Re imagining Democracy in the Age of Revolutions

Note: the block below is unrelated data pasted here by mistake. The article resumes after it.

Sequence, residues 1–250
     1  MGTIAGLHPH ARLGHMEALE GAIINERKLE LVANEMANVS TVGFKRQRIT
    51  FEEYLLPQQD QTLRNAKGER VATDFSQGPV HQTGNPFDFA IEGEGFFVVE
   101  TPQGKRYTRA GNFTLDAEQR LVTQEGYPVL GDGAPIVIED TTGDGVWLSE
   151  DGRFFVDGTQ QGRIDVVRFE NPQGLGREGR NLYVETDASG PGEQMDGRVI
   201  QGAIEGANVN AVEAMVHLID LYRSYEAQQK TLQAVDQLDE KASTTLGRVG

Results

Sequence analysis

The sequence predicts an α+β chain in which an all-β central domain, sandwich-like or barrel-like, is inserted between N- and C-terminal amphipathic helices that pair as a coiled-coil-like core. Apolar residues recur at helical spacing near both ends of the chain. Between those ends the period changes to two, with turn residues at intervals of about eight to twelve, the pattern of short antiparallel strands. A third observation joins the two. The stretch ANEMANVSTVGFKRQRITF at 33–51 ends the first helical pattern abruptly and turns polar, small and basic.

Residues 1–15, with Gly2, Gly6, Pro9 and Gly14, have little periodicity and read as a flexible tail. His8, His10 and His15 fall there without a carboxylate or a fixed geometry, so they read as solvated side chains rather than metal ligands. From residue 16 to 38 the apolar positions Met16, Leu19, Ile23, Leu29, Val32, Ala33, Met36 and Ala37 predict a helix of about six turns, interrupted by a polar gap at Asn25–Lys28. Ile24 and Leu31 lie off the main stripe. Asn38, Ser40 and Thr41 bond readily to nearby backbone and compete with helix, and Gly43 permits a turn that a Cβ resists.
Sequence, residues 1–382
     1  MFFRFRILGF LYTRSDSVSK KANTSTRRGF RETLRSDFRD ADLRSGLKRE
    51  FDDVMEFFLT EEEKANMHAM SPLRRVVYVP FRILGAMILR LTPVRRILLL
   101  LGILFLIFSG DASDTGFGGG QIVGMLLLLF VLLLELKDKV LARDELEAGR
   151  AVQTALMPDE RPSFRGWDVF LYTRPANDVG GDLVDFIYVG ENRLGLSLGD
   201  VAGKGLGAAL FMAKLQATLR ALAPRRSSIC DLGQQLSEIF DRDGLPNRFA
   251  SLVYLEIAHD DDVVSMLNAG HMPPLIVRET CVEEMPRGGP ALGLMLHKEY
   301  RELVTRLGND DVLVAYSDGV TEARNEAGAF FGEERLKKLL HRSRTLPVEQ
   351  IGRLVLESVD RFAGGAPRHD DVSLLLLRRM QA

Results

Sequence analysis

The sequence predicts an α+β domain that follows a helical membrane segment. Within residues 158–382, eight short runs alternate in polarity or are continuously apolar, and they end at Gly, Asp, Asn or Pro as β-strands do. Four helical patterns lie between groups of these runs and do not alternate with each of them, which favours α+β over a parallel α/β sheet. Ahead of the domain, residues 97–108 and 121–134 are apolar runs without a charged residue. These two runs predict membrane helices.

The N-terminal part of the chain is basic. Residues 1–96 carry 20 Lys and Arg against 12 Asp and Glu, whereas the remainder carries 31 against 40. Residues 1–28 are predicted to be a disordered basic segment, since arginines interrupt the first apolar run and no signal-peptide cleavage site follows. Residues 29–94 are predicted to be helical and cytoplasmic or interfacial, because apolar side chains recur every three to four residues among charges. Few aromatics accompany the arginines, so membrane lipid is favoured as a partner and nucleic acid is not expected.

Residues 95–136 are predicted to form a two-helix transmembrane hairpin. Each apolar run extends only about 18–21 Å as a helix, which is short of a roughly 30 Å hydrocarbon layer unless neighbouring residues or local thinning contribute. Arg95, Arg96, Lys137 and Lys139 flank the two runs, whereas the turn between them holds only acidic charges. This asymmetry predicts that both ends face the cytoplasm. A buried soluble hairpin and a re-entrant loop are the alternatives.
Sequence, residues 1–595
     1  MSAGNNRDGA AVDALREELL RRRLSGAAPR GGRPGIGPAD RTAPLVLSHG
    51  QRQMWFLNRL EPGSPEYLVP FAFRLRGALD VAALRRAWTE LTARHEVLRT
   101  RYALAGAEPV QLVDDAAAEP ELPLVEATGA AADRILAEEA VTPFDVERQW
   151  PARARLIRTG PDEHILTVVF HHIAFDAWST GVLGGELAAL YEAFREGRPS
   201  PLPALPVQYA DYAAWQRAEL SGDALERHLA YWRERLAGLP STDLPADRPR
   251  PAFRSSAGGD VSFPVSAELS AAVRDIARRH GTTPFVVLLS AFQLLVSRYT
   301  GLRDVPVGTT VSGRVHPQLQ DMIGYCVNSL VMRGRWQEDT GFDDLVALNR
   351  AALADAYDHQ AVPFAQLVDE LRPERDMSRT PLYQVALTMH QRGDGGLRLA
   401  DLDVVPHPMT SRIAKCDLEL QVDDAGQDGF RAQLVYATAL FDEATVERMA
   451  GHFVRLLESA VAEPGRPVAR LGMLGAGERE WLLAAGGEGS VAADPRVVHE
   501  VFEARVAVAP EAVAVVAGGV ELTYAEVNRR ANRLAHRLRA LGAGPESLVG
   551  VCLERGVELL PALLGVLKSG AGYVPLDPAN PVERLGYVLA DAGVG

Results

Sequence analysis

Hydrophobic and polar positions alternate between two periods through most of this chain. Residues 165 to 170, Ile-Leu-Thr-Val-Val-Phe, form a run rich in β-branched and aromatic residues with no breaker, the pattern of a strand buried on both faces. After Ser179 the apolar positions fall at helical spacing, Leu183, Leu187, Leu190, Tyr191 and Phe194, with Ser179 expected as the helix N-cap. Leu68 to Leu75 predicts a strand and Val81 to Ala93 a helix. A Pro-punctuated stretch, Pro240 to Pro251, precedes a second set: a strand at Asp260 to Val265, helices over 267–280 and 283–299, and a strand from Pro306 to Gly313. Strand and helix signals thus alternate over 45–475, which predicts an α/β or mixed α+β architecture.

Re-imagining Democracy in the Age of Revolutions charts a transformation in the way people thought about democracy in the North Atlantic region in the years between the American Revolution and the revolutions of 1848. In the mid-eighteenth century, 'democracy' was a word known only to the literate. It was associated primarily with the ancient world and had negative connotations: democracies were conceived to be unstable, warlike, and prone to mutate into despotisms. By the mid-nineteenth century, however, the word had passed into general use, although it was still not necessarily an approving term. In fact, there was much debate about whether democracy could achieve robust institutional form in advanced societies. In this volume, a cast of internationally-renowned contributors shows how common trends developed throughout the United States, France, Britain, and Ireland, particularly focussing on the era of the American, French, and subsequent European revolutions. Re-imagining Democracy in the Age of Revolutions argues that 'modern democracy' was not invented in one place and then diffused elsewhere, but instead was the subject of parallel re-imaginings, as ancient ideas and examples were selectively invoked and reworked for modern use. The contributions significantly enhance our understanding of the diversity and complexity of our democratic inheritance.